Gait Rehabilitation Research

Limited mobility due to injury or disease affects nearly everyone at some point in life. Osteoarthritis, one common cause of limited mobility, affects one in five adults over age 45. Running is a popular and low-cost recreational activity that can assist in weight control and promote cardiovascular health; however, running injuries plague upwards of 50% of long-distance runners. The prevalence and negative impact of reduced mobility due to injury and joint degeneration will continue to increase as our population ages.

The field lacks the fundamental understanding needed to optimize treatments and prevent limited mobility.

Currently, the field lacks a fundamental understanding of risk factors and mechanisms, which are required to optimize treatment and prevent limited mobility. There are several reasons for this:

  • The systems we are studying are incredibly complex. There are many variables at play when it comes to understanding neural control and dysfunction or teasing apart the causes of pathology and implications of rehabilitation.
  • Subject numbers are typically small in isolated studies, and thus researchers often cannot collect enough data to achieve statistical significance.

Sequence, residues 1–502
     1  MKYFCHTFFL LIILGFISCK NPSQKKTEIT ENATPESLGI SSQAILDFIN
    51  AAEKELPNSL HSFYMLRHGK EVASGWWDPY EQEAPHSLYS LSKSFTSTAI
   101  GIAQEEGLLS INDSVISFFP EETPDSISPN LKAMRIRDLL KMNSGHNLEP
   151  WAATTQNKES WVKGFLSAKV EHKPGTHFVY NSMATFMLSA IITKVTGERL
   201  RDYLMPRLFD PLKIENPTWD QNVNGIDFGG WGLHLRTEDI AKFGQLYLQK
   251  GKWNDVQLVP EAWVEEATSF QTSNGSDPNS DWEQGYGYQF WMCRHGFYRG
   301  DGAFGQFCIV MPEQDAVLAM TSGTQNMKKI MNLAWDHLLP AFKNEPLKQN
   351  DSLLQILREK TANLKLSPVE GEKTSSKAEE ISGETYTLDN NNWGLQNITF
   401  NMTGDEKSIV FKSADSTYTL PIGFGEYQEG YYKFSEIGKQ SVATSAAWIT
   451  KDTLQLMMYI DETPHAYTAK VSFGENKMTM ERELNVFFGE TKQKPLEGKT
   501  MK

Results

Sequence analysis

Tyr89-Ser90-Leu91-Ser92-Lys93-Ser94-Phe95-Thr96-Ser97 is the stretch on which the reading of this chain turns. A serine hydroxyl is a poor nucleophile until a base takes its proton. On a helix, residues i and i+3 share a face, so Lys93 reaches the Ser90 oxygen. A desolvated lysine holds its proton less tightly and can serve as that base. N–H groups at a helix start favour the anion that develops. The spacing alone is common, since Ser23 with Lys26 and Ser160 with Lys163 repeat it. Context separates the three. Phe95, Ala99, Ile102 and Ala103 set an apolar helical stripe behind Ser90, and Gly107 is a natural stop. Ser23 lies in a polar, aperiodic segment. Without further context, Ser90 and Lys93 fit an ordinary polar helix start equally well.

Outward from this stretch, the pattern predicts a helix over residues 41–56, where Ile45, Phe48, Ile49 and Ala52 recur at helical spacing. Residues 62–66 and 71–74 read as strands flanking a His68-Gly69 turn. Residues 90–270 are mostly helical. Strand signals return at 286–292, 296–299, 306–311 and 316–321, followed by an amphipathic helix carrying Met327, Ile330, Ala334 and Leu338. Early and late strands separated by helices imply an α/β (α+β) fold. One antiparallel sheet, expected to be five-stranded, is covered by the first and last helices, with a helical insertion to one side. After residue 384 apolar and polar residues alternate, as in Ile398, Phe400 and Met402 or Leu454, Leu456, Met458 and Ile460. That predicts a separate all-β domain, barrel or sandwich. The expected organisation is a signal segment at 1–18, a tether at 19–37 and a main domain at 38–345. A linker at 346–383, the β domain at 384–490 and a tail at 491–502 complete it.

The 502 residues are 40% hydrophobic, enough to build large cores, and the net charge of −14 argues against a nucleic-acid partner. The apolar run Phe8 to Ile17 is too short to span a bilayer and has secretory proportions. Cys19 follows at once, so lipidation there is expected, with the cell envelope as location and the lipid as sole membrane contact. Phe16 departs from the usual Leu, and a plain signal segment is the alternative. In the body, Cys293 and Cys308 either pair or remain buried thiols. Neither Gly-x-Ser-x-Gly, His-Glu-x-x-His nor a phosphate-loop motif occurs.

• Researchers have to start from scratch for new studies since there are few tools to enable utilizing and building on existing data, again preventing the collection of enough data to achieve statistical significance.
  • The lack of tools for analyzing anything but the highest quality data precludes the use of many data sources.

The Mobilize Center will use an integrative big data approach to enhance risk assessment and rehabilitation.

To enhance risk assessment and treatments for gait rehabilitation, the Mobilize Center will:

  • Integrate high-resolution three-dimensional motion measurements made on thousands of individuals with knee osteoarthritis and running injuries with activity monitoring data from low-cost measurements, such as wearable sensors and smartphones, that is available for an even larger number of subjects
  • Develop and validate statistical learning classifiers to detect individuals at risk for running injuries or knee osteoarthritis using data from low-cost sensing devices. These methods will also identify the associated predictive variables or risk factors for these conditions.
  • Develop a framework to go from statistical risk factors to rehabilitation/intervention using biomechanical modeling. We will begin with a predictive variable identified in the data, apply biomechanical modeling to explain the risk factor, and design an intervention (e.g., a minor alteration in knee kinematics and muscle activity that will reduce the knee joint loading associated with osteoarthritis).

We will initially focus on osteoarthritis and running injuries. The framework can also be used to understand limited mobility and rehabilitation for individuals who have suffered from a stroke, Parkinson’s disease, or limb loss, or individuals at risk for injury due to falls.